Project description:Cell cycle regulation and the maintenance of genome integrity are crucial for the development and virulence of the pathogenic plant fungus Fusarium graminearum. To identify transcription factors (TFs) related to these processes, four DNA-damaging agents were applied to screen a F. graminearum TF mutant library. Sixteen TFs were identified to be likely involved in DNA damage responses. Fhs1 is a fungal specific Zn(II)2Cys6 TF that localises exclusively to nuclei. fhs1 deletion mutants were hypersensitive to hydroxyurea and defective in mitotic cell division. Moreover, deletion of FHS1 resulted in defects in perithecia production and virulence and led to the accumulation of DNA damage. Our genetic evidence demonstrated that the FHS1-associated signalling pathway for DNA damage response is independent of the ATM or ATR pathways. This study identified sixteen genes involved in the DNA damage response and is the first to characterise the novel transcription factor gene FHS1, which is involved in the DNA damage response. The results provide new insights into mechanisms underlying DNA damage responses in fungi, including F. graminearum.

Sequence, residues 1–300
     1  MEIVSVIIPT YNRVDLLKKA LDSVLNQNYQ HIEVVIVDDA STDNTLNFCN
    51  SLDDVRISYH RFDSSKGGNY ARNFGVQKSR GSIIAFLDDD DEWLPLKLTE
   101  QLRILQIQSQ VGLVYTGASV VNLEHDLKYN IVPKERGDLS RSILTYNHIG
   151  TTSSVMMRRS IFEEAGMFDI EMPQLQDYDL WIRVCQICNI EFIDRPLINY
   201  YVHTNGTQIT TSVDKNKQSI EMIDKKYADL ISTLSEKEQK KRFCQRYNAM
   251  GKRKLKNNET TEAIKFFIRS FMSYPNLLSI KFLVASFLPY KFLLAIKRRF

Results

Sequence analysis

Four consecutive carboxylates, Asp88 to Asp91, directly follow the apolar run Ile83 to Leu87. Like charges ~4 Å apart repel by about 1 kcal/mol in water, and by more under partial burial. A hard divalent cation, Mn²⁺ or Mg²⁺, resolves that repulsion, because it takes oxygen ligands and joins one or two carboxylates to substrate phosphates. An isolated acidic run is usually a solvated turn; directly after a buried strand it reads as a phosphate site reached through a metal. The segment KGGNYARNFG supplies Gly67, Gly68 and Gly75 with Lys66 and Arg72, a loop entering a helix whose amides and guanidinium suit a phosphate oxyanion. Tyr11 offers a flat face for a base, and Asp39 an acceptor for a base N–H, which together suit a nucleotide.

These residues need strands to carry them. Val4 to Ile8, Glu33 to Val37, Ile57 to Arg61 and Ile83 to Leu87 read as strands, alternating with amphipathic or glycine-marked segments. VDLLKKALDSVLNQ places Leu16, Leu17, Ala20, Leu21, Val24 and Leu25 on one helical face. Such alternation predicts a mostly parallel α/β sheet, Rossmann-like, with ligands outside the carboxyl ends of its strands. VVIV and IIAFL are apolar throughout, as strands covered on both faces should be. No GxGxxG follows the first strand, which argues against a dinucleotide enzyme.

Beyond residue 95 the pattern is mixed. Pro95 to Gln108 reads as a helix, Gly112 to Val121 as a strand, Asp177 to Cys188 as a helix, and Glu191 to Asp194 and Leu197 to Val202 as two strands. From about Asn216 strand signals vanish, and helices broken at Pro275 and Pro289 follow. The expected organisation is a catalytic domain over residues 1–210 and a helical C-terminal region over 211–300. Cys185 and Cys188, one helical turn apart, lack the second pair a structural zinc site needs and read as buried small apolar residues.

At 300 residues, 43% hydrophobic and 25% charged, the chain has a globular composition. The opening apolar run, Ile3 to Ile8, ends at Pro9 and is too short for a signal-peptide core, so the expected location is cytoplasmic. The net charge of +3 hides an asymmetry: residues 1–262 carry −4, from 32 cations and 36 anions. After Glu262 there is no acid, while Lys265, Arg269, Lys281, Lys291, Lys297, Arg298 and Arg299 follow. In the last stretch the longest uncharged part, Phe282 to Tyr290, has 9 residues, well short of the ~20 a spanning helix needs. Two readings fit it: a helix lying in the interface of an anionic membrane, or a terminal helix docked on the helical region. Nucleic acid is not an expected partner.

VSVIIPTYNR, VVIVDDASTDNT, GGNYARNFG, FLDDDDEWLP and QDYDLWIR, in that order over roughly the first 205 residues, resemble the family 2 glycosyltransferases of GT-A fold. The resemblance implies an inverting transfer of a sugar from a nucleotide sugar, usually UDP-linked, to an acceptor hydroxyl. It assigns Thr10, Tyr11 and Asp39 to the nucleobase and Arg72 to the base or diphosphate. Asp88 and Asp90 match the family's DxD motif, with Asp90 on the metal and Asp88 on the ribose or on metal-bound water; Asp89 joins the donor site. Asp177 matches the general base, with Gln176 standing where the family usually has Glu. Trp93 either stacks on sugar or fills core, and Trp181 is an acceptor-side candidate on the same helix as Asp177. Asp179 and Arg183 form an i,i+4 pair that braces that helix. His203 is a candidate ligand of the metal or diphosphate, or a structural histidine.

Project description:Fusarium graminearum, the main pathogenic fungus causing Fusarium head blight (FHB), produces deoxynivalenol (DON), a key virulence factor, which is synthesized in the endoplasmic reticulum (ER). Sey1/atlastin, a dynamin-like GTPase protein, is known to be required for homotypic fusion of ER membranes, but the functions of this protein are unknown in pathogenic fungi. Here, we characterized Sey1/atlastin homologue FgSey1 in F. graminearum Like Sey1/atlastin, FgSey1 is located in the ER. The FgSEY1 deletion mutant exhibited significantly reduced vegetative growth, asexual development, DON biosynthesis, and virulence. Moreover, the ?Fgsey1 mutant was impaired in the formation of normal lipid droplets (LDs) and toxisomes, both of which participate in DON biosynthesis. The GTPase, helix bundle (HB), transmembrane segment (TM), and cytosolic tail (CT) domains of FgSey1 are essential for its function, but only the TM domain is responsible for its localization. Furthermore, the mutants FgSey1K63A and FgSey1T87A lacked GTPase activity and failed to rescue the defects of the ?Fgsey1 mutant. Collectively, our data suggest that the dynamin-like GTPase protein FgSey1 affects the generation of LDs and toxisomes and is required for DON biosynthesis and pathogenesis in F. graminearum IMPORTANCE Fusarium graminearum is a major plant pathogen that causes Fusarium head blight (FHB) of wheats worldwide. In addition to reducing the plant yield, F. graminearum infection of wheats also results in the production of deoxynivalenol (DON) mycotoxins, which are harmful to humans and animals and therefore cause great economic losses through pollution of food products and animal feed. At present, effective strategies for controlling FHB are not available. Therefore, understanding the regulation mechanisms of fungal development, pathogenesis, and DON biosynthesis is important for the development of effective control strategies of this disease. In this study, we demonstrated that a dynamin-like GTPase protein Sey1/atlastin homologue, FgSey1, is required for vegetative growth, DON production, and pathogenicity in F. graminearum Our results provide novel information on critical roles of FgSey1 in fungal pathogenicity; therefore, FgSey1 could be a potential target for effective control of the disease caused by F. graminearum.